The Antidote

Counterspin for Health Care and Health News

Tuesday, February 06, 2007

Physical activity for aging: where's the context?

Reuters published an article this past Friday about a new study showing that older adults can maintain their balance if they exercise regularly, even if they start at retirement. Good news, maybe, but it really misses a lot of the context of the field by focusing on a single (observational) study.

There is a large body of literature suggesting that physical activity (by a number of definitions) for older people maintains function, prevents falling, does all kinds of good things. The problem is that most of these studies are observational, and don't account sufficiently for the fact that the folks who are exercising are probably already healthier to begin with, in ways that may be difficult to measure and correct for, and thus at lower risk of the outcomes measured by the studies. The current study is just another stitch in the fabric of that evidence, and suffers from the same weakness. There is, though, a recent study from the National Institute on Aging; it's a randomized trial that specifically addresses this potential weakness. Investigators administered a structured exercise intervention to elders at risk of losing their walking ability. The study confirmed the observational literature by showing that subjects who received the intervention were statistically significantly more likely to maintain their walking ability and their walking speed over the course of a year.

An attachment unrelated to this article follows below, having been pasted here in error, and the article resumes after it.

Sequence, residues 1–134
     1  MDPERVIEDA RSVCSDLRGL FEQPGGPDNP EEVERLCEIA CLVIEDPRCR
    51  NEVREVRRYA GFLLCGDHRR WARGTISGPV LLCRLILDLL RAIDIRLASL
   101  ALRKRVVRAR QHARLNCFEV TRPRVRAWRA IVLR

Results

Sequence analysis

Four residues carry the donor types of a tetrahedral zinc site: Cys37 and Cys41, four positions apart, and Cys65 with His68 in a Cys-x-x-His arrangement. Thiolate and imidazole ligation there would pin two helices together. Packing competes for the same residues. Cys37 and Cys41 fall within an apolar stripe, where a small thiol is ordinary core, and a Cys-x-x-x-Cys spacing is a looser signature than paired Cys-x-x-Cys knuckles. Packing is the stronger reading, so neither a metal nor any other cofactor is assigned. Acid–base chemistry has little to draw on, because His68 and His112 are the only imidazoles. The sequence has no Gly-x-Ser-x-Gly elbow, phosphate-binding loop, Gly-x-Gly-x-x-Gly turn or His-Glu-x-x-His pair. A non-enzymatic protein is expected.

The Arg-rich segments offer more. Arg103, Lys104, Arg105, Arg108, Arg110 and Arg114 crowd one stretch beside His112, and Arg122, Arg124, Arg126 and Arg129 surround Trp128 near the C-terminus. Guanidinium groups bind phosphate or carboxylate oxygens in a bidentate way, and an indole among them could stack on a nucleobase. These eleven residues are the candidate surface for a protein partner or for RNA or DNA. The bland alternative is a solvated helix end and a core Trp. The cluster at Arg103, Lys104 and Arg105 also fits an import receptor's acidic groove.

By the way, something tells me I may have written about this randomized trial here before, but I couldn't find the post, so if any of you sharp readers can find it, please let me know.

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